Coronavirus: Study dispels fears ibuprofen and Voltaren can make COVID-19 symptoms worse

Ibuprofen - safe at normal doses.
Ibuprofen - safe at normal doses. Photo credit: Getty

Early fears common painkillers like ibuprofen and diclofenac could worsen COVID-19 infections has proven to be unfounded.

In March the World Health Organization warned patients to avoid non-steroidal anti-inflammatory painkillers, after France's Health Minister Olivier Veran said there was evidence they could be an "aggravating factor" in infections.

"If you have a fever, take paracetamol. If you are already on anti-inflammatory drugs or in doubt, ask your doctor for advice." 

The WHO quickly backtracked, and by June ibuprofen was being investigated as a potential treatment.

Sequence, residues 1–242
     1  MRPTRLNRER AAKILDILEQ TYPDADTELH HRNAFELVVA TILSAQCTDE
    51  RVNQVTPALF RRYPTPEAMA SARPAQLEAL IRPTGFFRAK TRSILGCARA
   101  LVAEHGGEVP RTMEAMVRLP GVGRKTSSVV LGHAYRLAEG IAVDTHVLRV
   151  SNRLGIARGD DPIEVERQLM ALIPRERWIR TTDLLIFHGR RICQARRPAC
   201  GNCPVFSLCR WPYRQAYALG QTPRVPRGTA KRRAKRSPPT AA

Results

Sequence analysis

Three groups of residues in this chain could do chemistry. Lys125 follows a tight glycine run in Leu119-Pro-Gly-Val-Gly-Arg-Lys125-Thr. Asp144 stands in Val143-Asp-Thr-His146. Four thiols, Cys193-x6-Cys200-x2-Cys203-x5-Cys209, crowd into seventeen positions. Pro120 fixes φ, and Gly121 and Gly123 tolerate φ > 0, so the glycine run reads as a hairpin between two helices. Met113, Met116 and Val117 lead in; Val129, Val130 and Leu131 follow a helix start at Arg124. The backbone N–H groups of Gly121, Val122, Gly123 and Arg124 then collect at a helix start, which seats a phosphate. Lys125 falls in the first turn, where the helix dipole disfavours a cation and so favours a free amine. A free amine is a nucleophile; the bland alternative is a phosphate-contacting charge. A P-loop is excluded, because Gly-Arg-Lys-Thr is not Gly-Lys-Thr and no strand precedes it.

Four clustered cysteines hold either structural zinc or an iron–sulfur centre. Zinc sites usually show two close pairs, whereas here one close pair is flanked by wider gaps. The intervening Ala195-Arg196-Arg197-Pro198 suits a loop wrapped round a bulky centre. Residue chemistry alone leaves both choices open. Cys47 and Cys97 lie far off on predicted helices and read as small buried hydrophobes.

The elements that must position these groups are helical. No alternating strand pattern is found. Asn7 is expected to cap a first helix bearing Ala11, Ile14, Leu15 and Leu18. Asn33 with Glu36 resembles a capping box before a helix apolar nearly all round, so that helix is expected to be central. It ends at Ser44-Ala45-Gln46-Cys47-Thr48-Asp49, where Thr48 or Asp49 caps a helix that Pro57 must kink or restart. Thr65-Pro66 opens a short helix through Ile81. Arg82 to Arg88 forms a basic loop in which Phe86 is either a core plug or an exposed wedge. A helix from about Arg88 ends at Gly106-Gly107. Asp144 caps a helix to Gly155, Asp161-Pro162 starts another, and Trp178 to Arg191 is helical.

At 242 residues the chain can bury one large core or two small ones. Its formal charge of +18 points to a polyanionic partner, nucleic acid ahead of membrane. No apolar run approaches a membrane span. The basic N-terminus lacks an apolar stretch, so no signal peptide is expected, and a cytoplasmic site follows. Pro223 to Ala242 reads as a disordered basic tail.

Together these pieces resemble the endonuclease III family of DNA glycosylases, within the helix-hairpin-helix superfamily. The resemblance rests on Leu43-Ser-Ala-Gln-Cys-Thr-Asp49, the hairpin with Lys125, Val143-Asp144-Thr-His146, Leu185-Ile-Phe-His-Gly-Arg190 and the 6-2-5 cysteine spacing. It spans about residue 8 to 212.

To find out once and for all, researchers in Denmark looked at health data from every single Dane who caught the virus between February and April - more than 9000 people. Nearly 250 of them had a prescription for NSAIDs within 30 days of testing positive. 

They found zero associations between NSAID use and any outcomes - they simply had no effect on hospitalisation rates, mortality, ICU admission.

"Considering the available evidence, there is no reason to withdraw well-indicated use of NSAIDs during the SARS-CoV-2 pandemic," the research, published in journal PLOS Medicine, said.

"However, the well-established adverse effects of NSAIDs, particularly their renal, gastrointestinal, and cardiovascular effects, should always be considered, and NSAIDs should be used in the lowest possible dose for the shortest possible duration for all patients."

The researchers said the initial research suggesting NSAIDs could help the virus infect more cells was done in "diabetic rats", and the findings might not apply to humans. 

Ibuprofen is sold over-the-counter here under the brand names Ibugesic and Nurofen, among others, while diclofenac is better-known as Voltaren.